Summer School Days

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Clarissa has been asking me to teach her to read off and on since before she was potty trained. She constantly asked to start kindergarten this spring so I spent May planning what I wanted our year together to look like.

In June, we officially started kindergarten. I knew that I wanted to start slow so I planned for 20-30 minutes of lessons, four days per week. Some days were like binge days for her and she would do two or three days worth in one sitting because she didn’t want to stop. So my July plans had more to do each day.

Omi sent us a scavenger hunt from a magazine. We decided that we wanted to do it across the street at Nonseong Park. Clarissa and I thought it would be fun to do school outside as well so we packed our school books, some crayons, and a clipboard in my backpack. On the way out the door, Clarissa decided to ride her bike and also bring the kite.

Clarissa rode her bike across the street and then we climbed the hill to fly the kite. As I set my bookbag down, Clarissa already had her kite in the air. This was only her second time flying a kite, but she did extremely well.

When we needed a water break, we headed to the pavilion on the hill to do our Bible time.

Then we did our scavenger hunt. Clarissa had a great time finding the items on the list like a crooked stick, a bug that crawls, something that smells good, and something that feels rough. The only thing we didn’t find was an acorn. But we found a pinecone instead.

We reviewed our five senses to talk about what we did on our scavenger hunt and drew pictures.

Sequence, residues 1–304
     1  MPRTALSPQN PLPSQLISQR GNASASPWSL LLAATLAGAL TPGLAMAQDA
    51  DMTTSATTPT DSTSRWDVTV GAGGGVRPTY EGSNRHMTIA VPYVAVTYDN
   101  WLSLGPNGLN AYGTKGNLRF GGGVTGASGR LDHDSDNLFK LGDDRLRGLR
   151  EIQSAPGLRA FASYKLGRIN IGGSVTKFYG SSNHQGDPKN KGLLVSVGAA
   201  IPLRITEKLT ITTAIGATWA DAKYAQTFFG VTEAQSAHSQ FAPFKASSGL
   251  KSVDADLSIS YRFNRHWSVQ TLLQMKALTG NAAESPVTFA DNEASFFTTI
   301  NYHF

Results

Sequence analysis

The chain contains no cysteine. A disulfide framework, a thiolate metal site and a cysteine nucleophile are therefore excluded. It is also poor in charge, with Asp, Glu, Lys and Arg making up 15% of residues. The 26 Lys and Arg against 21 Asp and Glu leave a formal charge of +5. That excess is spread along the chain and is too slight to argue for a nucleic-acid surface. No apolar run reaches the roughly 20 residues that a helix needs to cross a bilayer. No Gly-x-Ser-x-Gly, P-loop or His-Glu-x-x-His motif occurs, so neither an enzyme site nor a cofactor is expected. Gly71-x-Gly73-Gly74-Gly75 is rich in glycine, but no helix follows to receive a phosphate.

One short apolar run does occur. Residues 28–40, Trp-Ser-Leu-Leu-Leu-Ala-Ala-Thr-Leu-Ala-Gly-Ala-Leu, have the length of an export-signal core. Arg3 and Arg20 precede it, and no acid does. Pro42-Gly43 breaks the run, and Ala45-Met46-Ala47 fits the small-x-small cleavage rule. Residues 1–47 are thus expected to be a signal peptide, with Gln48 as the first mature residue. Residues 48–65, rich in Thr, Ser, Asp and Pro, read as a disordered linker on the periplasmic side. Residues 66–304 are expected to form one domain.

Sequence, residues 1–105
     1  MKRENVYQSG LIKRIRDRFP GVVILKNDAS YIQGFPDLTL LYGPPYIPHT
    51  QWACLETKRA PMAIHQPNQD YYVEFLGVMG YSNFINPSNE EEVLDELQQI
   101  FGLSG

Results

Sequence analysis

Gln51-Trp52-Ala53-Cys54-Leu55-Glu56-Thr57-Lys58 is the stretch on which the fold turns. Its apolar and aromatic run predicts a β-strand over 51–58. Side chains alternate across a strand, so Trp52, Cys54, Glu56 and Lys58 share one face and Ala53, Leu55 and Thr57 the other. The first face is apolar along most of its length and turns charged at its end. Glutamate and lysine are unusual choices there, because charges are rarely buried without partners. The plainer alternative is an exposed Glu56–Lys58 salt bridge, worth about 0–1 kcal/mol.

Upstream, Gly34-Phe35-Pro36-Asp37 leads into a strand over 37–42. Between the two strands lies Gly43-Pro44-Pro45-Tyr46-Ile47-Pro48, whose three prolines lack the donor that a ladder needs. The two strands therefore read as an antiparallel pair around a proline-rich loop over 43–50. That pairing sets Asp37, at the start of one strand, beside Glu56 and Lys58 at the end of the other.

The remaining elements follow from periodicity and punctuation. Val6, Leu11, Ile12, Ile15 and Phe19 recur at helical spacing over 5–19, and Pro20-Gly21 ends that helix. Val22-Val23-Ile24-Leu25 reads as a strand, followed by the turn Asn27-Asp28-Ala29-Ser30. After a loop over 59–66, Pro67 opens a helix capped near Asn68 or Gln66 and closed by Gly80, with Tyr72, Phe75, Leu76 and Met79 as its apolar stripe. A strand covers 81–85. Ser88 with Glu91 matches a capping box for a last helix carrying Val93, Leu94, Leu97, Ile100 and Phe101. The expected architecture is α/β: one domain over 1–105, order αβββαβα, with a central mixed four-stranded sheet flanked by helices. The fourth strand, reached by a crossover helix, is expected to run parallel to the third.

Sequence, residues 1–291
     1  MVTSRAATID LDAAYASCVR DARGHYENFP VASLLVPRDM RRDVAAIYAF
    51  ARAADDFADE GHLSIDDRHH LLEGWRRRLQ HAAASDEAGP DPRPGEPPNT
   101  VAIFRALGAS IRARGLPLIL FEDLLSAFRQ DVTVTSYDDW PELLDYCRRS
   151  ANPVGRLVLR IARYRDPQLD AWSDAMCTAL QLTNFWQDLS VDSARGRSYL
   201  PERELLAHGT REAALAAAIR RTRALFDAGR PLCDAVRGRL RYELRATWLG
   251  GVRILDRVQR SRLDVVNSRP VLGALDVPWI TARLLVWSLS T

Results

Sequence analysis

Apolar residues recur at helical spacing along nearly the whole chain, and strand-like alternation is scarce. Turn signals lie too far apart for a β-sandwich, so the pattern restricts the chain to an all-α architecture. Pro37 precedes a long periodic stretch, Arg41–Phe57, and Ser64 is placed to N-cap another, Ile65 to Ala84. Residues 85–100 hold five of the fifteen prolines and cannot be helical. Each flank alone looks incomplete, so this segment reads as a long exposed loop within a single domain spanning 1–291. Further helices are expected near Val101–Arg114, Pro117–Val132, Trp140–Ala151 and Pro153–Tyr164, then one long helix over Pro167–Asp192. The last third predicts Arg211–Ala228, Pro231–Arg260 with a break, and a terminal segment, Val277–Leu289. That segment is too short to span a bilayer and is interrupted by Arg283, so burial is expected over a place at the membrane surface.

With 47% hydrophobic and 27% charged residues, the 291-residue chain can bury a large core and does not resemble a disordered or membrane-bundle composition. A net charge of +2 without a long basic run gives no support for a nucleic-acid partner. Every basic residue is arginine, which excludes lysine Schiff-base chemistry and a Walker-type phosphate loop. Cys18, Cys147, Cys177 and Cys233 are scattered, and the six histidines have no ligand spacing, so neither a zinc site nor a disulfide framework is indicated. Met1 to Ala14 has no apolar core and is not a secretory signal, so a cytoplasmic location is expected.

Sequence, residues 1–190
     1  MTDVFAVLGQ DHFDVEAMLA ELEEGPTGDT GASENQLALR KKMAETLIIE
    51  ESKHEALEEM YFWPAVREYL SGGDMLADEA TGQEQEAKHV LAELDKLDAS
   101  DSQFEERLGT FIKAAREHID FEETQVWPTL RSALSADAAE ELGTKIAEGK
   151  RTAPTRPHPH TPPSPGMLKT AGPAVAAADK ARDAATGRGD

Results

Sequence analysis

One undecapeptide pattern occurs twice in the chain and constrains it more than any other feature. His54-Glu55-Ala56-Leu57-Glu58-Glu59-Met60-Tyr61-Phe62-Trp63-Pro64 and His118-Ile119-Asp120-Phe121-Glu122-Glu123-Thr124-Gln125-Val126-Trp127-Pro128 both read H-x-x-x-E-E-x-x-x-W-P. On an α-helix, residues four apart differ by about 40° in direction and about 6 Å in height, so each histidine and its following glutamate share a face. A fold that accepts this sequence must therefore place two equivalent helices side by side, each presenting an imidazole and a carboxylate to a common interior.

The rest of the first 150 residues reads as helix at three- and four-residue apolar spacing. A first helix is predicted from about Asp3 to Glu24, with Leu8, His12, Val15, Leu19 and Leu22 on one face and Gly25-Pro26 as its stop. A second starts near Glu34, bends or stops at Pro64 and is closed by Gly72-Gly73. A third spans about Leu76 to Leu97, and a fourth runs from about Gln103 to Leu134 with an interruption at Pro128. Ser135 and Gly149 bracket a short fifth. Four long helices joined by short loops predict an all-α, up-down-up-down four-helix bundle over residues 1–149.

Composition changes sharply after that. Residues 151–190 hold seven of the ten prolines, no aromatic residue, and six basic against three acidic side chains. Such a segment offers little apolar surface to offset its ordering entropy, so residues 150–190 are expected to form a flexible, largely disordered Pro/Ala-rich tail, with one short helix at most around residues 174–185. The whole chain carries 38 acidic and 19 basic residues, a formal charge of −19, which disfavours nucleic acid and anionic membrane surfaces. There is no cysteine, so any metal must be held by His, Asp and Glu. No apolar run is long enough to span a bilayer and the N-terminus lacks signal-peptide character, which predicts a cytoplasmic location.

We took another break to play on the Korean exercise equipment and then headed back to the pavilion to read our books for the day.

Then we headed back up the hill for more kite flying fun. She went on the very top and said she was walking on the Hwaseong Fortress.

When we had enough we headed home by bike. Our “school day” took about two hours with all the breaks but we both really enjoyed it.

Other days, we brought our schoolwork to one of the playgrounds in our apartment complex. We would bring our books and schoolwork outside and she would do an activity or two, go play, and come back to complete another activity.

We have also been on a lot of field trips this summer. We learned about animals at the National Institute of Ecology, fed fish at theĀ aquarium in Seoul, hiked the Hwaseong Fortress wall, touched bugs at the Asan Insect Museum, saw animals at the Ueno Zoo, and learned about Japan before our trip to Tokyo.

Because our school days were short, we had plenty of time to go swimming or play with friends. I think this was one of our favorite summers together. I wonder what school should look like for fall?

Starfall Education Foundation Review

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Starfall

When I was a teacher, my students often used Starfall Education Foundation. Clarissa has enjoyed playing the free version of the Starfall App on her tablet for over a year so I was very excited when we were chosen to review the The Starfall Home Membership. Thirty five dollars will give you a year of access to all of the additional content on multiple devices for a full year.

Starfall